After posting 16 receptions for 167 yards as a rookie, Brown finished second on the team in both receptions (69) and yards (1,108) last year and trailed Mike Wallace by only three receptions and 85 yards for the team lead. Although he had only two (receiving) touchdowns, he ranked 15th in the league in yards.
Brown is not a big receiver (5-foot-10, 186 pounds), which means he's unlikely to ever approach Wallace's touchdown numbers, an average of eight scores per season.
That said, it's nearly impossible for him to score fewer than two touchdowns this year, right?
Of all the receivers in the NFL that had more than 61 receptions, Brown is the only wide receiver to score two or less touchdowns last year. Since 2000, only seven other wide receivers caught at least 65 passes and finished with two or less touchdowns in a season.
In addition to his two receiving touchdowns, Brown returned a punt for a touchdown, ranked fifth in the league in kickoff return average (27.3 yards), and raked 10th in punt return average (10.8). Many fantasy leagues don't reward individual players for special teams production, but if your league does, Brown has the potential to give you a few extra points above what his receiving numbers produce.
While Brown had a good season across the board, his second-half numbers were even better than his first-half stats in 2011.
Finishing 2011 Season Strong
In the final half of the season, Brown led the team in receiving in six of eight contests. During that eight-game span, Brown led the team in receptions (35) and yards (677). Wallace finished second in both categories with 29 receptions and 393 yards.
Only seven NFL receivers had more receiving yards than Brown in their final eight games of the season.
From Week 7 through the team's playoff loss, Brown had at least 59 yards in every game except one. That 34-yard performance, however, coincided with one of Brown's two receiving touchdowns. In other words, he finished the season with 11 straight games with five or more fantasy points to close the year and had three 100-yard games during that span.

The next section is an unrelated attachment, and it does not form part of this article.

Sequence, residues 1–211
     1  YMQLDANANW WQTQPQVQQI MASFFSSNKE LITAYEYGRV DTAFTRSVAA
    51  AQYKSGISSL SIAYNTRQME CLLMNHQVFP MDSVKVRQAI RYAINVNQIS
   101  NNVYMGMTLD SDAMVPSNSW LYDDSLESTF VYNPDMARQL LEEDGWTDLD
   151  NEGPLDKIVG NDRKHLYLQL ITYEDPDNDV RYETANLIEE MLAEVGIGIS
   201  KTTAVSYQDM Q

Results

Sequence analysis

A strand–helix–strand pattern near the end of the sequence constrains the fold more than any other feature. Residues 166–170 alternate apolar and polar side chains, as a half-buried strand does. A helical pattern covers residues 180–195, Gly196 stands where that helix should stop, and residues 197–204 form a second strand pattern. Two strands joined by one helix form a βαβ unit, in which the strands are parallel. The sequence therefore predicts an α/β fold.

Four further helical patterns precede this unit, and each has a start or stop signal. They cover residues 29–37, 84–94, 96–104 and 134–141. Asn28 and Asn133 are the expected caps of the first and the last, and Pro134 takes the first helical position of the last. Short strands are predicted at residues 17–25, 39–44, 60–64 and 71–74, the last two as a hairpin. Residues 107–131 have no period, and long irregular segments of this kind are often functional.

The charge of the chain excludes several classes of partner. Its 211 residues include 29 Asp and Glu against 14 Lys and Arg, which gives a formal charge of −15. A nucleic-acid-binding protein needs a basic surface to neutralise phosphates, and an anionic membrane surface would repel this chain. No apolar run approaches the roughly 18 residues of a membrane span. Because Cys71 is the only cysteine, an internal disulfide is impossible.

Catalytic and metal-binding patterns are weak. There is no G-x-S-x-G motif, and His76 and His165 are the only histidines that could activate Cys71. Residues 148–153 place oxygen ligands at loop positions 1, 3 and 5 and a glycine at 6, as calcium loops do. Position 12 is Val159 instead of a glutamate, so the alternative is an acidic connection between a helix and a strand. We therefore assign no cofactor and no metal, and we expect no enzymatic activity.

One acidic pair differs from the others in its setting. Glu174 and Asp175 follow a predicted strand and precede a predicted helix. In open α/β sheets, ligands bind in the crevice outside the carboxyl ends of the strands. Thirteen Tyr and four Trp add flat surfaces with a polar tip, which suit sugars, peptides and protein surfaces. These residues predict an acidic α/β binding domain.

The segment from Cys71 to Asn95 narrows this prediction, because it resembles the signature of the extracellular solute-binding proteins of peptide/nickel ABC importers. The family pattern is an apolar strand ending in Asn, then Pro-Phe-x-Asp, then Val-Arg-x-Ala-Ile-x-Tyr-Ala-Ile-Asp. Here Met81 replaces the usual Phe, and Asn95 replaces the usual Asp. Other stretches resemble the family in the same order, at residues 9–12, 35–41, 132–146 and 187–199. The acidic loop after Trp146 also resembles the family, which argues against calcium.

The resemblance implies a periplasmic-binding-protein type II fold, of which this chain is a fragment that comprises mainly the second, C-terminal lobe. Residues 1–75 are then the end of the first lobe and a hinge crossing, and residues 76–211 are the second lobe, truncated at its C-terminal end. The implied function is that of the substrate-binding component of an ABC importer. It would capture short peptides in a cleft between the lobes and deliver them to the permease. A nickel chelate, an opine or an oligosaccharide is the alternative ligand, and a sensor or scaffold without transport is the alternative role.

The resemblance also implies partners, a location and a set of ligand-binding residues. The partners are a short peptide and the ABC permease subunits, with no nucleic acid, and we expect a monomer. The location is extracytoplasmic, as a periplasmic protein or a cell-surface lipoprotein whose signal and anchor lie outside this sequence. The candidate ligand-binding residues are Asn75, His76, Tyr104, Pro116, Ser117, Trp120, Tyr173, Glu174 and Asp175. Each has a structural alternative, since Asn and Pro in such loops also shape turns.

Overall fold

Quarterback Ben Roethlisberger has a propensity to hold on to the football and extend plays. Although he takes plenty of hits and sacks, he buys time for his receivers so they can make plays down the field.
The only active players to have a higher yard-per-attempt average than Roethlisberger (8.02) are Green Bay's Aaron Rodgers (8.22) and Dallas' Tony Romo (8.04). By drafting Stanford's David DeCastro and Ohio State's Mike Adams with their first two picks in this year's draft, Big Ben should have even more time to find an open receiver.
As productive as Brown was last year, Wallace is the receiver that opposing defenses will worry about the most. That should mean even more open looks for the former sixth-round pick. In fact, it was Brown (123) that had more targets last year than Wallace (113).
Strength of Schedule
Based on the cumulative fantasy points allowed to wide receivers last year by all of the Steelers opponents this year, Brown and the Steelers' receivers have one of the five least favorable schedules from a fantasy perspective and the 16th-most favorable schedule in the fantasy postseason (Weeks 14-16).
The knock on Brown last year was his lack of touchdowns (three if you count his return TD). With my glass half-full view, it would be hard for Brown to finish with less touchdowns in 2012. Since wide receiver is such a deep position in fantasy football, you can get a 1,000-yard receiver like Brown as your WR3 in a 10-team league.
Only 25 years old, Brown likely has several 1,000-yard seasons ahead of him. As noted above, he's never likely to be a big touchdown guy, but he should be a solid and consistently productive receiver for you for a long time.
Projection: (Receiving) 80 Receptions, 1,125 Yards, 4 TDs; (Rushing) 25 Yards
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